PSNI helicopter still in service despite grounding of fleet
The PSNI has been urged to ground one of its helicopters if technical faults are found in any of the same models suspended from service across the UK.
Police yesterday said they had no plans to withdraw from service their EC 135, the same aircraft involved in the Clutha bar tragedy in Glasgow in which 10 people were killed.
The PSNI copter remains in operation despite 22 of the same model operating as air ambulances in the UK being grounded.
Operator Bond Air Services said it grounded its fleet of EC 135 helicopters as a precaution while the fault, discovered on an air ambulance in the north west of England on Wednesday, is examined.
Jonathan Craig, a DUP MLA and member of the Policing Board, said he had sought assurances on the safety of the helicopter from Assistant Chief Constable Drew Harris. "We need to know is this a technical issue with the aircraft or an issue with the maintaining of the aircraft?" he said.
"That is being reviewed by the PSNI at the moment. If it's a technical issue with the aircraft it should be grounded immediately."
The PSNI's EC 135 is one of the body's three helicopters.
Eurocopter, the manufacturer of the grounded aircraft, said the decision taken by Bond did not apply to the rest of the fleet.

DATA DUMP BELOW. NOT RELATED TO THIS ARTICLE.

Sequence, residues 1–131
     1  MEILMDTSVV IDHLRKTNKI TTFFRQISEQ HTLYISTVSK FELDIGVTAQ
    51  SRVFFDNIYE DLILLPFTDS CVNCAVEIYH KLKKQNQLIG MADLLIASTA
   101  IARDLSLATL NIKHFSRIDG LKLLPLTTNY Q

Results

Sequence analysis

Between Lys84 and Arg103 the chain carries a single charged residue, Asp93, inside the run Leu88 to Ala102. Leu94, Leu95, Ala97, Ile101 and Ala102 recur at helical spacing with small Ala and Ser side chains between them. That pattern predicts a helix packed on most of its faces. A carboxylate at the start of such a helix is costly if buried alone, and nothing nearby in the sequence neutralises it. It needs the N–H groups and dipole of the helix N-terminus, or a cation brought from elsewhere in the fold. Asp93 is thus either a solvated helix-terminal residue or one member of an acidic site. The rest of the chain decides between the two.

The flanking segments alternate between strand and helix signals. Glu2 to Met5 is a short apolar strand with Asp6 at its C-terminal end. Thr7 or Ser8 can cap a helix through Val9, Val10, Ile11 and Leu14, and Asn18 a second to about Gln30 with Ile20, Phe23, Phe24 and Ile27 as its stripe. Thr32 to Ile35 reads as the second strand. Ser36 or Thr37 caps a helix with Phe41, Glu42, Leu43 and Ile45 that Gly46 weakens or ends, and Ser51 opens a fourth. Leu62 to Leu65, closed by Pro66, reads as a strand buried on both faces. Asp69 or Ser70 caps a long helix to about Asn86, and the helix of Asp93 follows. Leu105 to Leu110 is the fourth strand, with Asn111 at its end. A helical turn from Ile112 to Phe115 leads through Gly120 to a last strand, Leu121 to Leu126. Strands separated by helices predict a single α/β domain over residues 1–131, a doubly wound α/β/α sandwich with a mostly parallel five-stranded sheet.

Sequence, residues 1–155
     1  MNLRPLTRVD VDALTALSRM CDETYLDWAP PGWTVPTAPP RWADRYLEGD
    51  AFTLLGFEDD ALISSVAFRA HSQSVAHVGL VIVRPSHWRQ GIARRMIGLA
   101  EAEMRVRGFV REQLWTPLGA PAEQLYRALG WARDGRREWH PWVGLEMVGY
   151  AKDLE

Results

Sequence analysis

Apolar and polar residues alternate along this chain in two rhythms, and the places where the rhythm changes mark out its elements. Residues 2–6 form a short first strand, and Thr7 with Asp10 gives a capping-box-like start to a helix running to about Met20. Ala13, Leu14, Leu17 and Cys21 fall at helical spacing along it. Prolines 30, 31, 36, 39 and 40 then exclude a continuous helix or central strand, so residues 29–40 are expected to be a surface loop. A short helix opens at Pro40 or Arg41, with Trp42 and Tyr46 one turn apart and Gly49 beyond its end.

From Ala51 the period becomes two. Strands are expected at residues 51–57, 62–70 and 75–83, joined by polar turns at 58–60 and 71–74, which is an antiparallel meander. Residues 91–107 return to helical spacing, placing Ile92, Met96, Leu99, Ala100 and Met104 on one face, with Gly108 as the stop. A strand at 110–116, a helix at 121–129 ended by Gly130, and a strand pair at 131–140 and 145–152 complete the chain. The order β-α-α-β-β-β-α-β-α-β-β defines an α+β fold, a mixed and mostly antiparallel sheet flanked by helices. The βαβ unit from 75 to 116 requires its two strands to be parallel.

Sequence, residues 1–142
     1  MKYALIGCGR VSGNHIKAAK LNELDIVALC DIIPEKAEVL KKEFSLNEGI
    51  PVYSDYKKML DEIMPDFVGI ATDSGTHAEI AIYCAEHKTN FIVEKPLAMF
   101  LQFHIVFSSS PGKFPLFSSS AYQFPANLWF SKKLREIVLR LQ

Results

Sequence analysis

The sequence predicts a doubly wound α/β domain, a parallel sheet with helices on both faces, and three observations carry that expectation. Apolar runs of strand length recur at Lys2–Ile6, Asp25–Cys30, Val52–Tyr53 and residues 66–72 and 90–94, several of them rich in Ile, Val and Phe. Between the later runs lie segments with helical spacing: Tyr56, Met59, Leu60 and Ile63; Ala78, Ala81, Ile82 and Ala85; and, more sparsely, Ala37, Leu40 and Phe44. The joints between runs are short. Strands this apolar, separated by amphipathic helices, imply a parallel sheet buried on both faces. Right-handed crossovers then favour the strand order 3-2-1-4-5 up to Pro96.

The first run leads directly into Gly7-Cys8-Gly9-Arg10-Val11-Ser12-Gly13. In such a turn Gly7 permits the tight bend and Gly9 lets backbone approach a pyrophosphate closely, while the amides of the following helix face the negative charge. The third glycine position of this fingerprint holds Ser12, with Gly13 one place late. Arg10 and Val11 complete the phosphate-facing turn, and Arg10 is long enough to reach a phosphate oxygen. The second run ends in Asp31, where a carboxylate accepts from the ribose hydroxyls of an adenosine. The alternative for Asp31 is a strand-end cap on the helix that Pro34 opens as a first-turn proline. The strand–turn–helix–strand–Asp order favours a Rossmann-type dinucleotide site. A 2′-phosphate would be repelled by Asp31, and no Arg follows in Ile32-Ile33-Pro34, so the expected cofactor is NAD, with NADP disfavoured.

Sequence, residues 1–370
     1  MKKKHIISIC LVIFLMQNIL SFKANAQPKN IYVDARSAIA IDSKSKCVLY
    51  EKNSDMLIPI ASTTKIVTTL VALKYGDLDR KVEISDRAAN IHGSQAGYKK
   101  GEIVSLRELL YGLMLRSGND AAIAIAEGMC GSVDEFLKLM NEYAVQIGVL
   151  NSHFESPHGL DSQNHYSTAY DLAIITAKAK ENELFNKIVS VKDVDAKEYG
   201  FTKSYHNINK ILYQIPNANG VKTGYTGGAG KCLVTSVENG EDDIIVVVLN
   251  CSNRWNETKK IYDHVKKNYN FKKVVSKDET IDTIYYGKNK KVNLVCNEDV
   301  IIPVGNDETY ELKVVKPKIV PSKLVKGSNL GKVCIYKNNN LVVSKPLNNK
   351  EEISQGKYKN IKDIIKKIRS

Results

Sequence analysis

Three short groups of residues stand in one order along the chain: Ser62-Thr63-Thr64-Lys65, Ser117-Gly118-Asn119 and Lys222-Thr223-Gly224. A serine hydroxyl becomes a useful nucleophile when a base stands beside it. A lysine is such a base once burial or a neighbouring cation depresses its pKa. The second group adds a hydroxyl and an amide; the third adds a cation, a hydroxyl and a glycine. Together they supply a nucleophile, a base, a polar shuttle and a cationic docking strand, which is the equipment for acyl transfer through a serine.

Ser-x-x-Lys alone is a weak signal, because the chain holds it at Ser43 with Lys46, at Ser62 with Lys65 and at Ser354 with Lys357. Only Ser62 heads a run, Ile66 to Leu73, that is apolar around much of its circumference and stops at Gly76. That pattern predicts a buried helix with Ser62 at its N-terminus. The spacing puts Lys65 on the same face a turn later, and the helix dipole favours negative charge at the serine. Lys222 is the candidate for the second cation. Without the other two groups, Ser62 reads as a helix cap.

The Police Scotland helicopter that crashed into the roof of the Clutha bar on November 29 was a Bond-operated Eurocopter EC135 Type 2 aircraft.
A Eurocopter spokesman said: "Eurocopter was informed by Bond that they decided to temporarily suspend flights with their EC 135 fleet yesterday late evening. Based on an observation made on an aircraft engaged in medical services, the decision was taken for precautionary reasons."
A spokesman for the Civil Aviation Authority said: "It is voluntary action by the operator. There is no official regulatory grounding of the type so they are still free to fly if operators wish to."
STORY SO FAR
One of those seriously injured in the Glasgow helicopter crash yesterday died, bringing the death toll to 10. Joe Cusker (59), of Cambuslang, South Lanarkshire, died in Glasgow Royal Infirmary. He had been in the Clutha bar when the helicopter crashed into it.